Op-Ed: Hydraulic Dredging for Clams on the Rise as is the Damage by Jeff Horstman

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Hydraulic dredging for clams in our rivers is on the rise. Many of us have witnessed the damage this practice causes.

Clamming licenses in Maryland have sharply increased over the past few years, from just eight in 2013 to over 30 in 2016, perhaps signifying a modest comeback of the soft-shell clam and reflecting the increasing popularity of clams as crabbing bait. Similar to oysters, clams are a vital filter feeder and key component in the ecological food chain. Historically, the clam population has been decimated by overharvesting and disease, and, without a Department of Natural Resources (DNR) management plan, is now at risk of another serious population downturn. Today’s clam populations mirror those of oysters, resting at only about 1 percent of historic levels.

The practice of harvesting clams with a hydraulic dredge is akin to underwater strip mining. High velocity jets of water strip away the river bottom, leaving trenches that can be two feet deep and three feet wide, while a mechanical conveyor belt attached to a long metal arm churns through the newly cut river bottom collecting clams. This action causes major damage to the river floor and irreversible damage to submerged aquatic vegetation (SAV) beds, ripping up their roots and leaving large sediment pollution plumes in its wake.

According to multiple studies, hydraulic dredging is catastrophic to SAV beds and the sediment kills oyster spat in surrounding areas. While there are regulations aimed at prohibiting hydraulic dredging in SAV beds, some dredging is allowed in and near oyster sanctuaries. Additionally, it is getting much more difficult to determine where SAV beds are located as they continually change and many large SAV beds are frequently not mapped at all, leaving them vulnerable to this destructive practice.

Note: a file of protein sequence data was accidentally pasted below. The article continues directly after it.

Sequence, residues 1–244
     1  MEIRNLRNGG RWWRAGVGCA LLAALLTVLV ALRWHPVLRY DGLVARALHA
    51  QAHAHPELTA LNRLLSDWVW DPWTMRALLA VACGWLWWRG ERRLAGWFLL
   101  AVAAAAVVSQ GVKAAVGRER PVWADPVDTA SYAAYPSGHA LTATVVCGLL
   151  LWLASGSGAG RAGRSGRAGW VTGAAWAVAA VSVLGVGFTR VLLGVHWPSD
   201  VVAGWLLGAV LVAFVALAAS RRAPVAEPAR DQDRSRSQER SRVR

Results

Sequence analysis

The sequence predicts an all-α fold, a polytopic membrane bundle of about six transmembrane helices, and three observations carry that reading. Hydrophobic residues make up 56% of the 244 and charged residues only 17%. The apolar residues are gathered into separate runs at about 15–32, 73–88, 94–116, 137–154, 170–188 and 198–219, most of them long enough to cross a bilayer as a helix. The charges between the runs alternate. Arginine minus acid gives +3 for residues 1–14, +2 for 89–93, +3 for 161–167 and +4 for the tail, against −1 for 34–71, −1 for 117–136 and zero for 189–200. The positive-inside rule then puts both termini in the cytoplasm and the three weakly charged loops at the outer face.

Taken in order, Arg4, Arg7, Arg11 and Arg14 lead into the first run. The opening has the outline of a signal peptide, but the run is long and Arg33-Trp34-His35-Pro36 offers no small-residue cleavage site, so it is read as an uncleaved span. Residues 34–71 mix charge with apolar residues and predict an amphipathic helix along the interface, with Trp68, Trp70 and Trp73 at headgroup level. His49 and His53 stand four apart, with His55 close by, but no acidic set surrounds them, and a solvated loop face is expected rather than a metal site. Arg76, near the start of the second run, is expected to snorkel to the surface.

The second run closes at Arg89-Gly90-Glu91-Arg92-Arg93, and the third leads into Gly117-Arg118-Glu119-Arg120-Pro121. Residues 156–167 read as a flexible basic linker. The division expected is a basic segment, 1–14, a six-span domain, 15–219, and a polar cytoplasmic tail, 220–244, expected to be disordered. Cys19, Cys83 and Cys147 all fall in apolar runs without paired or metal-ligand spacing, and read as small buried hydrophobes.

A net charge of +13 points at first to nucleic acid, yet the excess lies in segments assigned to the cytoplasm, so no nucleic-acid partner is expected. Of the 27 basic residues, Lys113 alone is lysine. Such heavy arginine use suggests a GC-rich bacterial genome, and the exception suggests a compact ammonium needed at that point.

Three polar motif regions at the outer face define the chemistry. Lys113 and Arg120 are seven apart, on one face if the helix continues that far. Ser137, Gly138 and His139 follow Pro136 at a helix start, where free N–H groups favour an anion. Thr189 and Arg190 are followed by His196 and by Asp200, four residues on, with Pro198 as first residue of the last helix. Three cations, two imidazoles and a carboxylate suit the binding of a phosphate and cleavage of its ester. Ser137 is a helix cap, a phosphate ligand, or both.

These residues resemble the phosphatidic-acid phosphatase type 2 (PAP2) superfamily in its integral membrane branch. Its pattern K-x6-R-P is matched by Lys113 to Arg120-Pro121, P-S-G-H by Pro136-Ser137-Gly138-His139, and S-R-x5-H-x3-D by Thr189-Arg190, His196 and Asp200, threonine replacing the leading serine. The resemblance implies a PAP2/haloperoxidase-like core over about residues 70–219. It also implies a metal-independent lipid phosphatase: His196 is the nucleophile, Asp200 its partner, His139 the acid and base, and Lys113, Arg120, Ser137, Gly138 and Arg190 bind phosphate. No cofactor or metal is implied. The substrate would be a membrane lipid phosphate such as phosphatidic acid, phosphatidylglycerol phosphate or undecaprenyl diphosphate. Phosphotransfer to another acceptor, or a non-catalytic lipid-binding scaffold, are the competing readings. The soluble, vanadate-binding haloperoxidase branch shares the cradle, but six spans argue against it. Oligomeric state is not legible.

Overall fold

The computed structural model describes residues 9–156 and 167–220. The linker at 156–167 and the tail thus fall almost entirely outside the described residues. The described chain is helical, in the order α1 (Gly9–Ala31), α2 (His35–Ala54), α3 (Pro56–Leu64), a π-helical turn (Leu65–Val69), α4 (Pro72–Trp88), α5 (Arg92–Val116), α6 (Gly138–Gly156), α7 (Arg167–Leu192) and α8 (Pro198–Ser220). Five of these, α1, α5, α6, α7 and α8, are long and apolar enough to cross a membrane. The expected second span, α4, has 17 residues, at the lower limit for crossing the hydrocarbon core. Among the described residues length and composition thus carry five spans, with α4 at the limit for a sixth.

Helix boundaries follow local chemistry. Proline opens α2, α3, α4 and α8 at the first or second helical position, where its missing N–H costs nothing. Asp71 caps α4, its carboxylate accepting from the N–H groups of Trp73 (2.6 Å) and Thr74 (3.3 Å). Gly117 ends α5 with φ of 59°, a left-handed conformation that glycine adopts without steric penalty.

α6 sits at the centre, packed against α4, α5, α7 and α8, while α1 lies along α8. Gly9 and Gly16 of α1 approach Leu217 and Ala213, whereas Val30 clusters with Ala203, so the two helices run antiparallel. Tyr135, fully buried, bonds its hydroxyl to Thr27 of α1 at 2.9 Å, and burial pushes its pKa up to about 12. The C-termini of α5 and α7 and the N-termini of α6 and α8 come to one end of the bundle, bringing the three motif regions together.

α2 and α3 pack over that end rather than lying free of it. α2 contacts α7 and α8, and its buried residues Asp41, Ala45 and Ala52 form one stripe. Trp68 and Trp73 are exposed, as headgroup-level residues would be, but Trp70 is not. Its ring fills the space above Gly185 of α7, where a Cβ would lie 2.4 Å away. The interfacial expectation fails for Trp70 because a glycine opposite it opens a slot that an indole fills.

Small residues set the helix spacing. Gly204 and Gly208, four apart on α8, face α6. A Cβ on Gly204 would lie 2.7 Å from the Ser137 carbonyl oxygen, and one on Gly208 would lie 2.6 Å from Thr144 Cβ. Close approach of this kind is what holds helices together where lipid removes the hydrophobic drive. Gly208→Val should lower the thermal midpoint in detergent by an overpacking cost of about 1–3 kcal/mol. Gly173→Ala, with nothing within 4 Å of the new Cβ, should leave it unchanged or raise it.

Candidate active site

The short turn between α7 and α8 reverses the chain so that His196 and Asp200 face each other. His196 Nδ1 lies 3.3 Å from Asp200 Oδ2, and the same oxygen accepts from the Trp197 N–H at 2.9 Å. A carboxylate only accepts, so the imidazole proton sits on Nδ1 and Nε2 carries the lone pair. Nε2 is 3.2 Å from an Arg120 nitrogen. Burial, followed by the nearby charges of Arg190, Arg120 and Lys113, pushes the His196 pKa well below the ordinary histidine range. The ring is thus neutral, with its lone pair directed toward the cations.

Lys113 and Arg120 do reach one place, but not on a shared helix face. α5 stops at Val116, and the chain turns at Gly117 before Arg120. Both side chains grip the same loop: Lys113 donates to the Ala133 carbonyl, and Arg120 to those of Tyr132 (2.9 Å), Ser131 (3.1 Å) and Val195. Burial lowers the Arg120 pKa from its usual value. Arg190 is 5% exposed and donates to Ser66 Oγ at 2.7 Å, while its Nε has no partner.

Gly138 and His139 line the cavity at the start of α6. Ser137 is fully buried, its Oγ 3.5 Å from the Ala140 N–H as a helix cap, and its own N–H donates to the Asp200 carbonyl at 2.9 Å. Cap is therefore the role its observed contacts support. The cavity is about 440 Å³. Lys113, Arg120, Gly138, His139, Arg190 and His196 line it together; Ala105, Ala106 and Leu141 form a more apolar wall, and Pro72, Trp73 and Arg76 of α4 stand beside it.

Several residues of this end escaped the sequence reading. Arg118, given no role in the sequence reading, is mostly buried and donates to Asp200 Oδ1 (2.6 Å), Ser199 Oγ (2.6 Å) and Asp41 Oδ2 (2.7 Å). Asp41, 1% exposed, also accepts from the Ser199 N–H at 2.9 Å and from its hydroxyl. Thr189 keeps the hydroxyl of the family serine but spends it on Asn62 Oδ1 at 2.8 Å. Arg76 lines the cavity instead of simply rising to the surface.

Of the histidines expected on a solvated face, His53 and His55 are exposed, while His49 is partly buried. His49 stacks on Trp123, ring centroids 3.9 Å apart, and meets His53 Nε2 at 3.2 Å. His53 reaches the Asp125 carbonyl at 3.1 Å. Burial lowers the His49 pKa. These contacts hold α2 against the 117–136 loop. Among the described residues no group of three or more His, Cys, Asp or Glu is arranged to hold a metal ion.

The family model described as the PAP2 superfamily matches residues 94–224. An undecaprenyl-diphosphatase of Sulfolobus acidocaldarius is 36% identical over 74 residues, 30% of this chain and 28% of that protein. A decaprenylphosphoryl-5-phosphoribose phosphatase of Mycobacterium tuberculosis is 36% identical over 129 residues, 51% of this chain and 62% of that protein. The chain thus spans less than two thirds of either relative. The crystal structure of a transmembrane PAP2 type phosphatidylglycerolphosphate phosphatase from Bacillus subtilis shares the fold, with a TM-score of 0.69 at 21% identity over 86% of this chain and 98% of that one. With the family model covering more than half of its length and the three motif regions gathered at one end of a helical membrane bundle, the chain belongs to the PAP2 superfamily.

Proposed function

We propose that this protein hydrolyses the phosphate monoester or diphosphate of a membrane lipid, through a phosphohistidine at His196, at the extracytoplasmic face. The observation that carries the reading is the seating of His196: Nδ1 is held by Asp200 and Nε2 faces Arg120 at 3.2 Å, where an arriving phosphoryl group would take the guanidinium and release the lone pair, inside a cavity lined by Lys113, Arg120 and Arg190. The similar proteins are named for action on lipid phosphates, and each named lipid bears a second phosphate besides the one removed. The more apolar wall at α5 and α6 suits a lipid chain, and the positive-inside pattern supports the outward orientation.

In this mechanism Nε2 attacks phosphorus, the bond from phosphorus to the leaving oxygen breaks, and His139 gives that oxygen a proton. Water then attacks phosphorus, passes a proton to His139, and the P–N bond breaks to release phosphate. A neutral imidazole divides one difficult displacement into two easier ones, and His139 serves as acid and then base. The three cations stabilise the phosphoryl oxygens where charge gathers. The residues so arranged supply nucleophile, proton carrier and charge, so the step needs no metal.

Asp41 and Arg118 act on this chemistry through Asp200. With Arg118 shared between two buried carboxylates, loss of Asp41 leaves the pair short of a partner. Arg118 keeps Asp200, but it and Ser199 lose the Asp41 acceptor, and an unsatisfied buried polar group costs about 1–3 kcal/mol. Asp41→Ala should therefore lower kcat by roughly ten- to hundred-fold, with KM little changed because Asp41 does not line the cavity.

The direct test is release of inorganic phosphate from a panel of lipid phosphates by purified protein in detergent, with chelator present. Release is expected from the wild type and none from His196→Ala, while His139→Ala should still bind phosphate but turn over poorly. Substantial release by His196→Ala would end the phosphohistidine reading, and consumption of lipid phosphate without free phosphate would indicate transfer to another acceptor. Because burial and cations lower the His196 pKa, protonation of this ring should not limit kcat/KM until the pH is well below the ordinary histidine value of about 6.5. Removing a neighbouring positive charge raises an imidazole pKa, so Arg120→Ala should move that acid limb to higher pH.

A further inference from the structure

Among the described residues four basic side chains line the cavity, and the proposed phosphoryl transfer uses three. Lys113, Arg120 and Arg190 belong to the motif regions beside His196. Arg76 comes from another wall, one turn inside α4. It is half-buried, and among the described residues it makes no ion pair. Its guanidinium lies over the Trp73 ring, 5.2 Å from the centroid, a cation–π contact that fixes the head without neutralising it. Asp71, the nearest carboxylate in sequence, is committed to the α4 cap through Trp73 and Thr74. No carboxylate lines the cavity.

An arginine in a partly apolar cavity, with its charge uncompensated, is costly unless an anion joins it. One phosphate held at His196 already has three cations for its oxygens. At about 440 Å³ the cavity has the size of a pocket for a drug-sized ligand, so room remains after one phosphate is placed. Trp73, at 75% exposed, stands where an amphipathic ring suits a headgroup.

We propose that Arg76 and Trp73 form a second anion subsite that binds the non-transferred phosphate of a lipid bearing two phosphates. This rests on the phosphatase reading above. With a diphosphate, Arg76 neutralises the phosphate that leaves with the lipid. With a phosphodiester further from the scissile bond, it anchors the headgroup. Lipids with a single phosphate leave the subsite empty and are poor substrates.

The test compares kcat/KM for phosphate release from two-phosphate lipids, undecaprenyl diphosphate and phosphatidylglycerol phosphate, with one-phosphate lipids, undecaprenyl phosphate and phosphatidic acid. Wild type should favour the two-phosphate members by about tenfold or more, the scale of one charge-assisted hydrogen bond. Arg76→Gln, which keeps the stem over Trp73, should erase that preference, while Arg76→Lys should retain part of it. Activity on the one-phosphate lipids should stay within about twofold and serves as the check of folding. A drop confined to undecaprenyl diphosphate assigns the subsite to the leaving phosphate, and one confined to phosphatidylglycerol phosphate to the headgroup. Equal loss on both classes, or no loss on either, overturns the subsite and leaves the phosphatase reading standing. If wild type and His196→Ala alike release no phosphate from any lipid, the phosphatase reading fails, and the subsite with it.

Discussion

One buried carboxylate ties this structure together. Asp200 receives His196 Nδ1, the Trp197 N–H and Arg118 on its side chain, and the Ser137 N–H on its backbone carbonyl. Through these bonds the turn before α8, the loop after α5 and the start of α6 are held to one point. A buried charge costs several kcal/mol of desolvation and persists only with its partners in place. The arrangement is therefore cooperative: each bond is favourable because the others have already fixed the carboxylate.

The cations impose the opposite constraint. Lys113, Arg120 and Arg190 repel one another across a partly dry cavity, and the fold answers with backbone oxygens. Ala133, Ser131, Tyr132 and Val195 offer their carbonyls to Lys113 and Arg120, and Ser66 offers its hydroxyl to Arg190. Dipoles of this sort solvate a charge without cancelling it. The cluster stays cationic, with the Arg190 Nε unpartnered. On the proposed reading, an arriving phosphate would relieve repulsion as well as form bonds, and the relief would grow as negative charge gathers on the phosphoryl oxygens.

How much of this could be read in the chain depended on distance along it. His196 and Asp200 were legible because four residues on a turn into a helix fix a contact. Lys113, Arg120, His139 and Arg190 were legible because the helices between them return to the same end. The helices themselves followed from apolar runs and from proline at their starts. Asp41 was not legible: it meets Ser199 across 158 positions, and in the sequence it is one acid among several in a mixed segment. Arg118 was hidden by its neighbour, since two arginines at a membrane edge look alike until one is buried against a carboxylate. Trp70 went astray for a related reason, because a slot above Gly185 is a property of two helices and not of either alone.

Hydraulic clam harvesting currently is allowed year-round and the practice is increasing without any assessment of the growing environmental damage it’s causing. Day after day, these hydraulic machines scour, scrape and gouge the river bottoms, producing thousands of pounds of sediment pollution. We think it’s time to develop a clear management plan for this valuable species, taking into consideration clam populations, their immense value to the ecosystem, the residual damage of hydraulic harvest, and the views of all stakeholders. Clams, today, represent a tiny portion of the Bay’s seafood harvest. As the demand for clams increases, we should answer some important questions before clam dredging grows into an even larger problem.

Our rivers are already listed by the Environmental Protection Agency (EPA) as impaired for sediment pollution, among other pollutants.

Our rivers are virtually choking from sediment. So, the first question we might ask is: Should we continue to allow hydraulic dredging in impaired rivers when we know it causes catastrophic SAV damage and creates large areas of sediment pollution capable of killing oyster spat and all the underwater life it chokes out? The second question might become: Are there better ways to protect and manage our natural resources, to benefit all stakeholders, while insuring a healthy and sustainable clam population?

Our rivers belong to all of us. The current hydraulic harvesting practices hurt more of us than they help.

Jeff Horstman is executive director of ShoreRivers, Inc.

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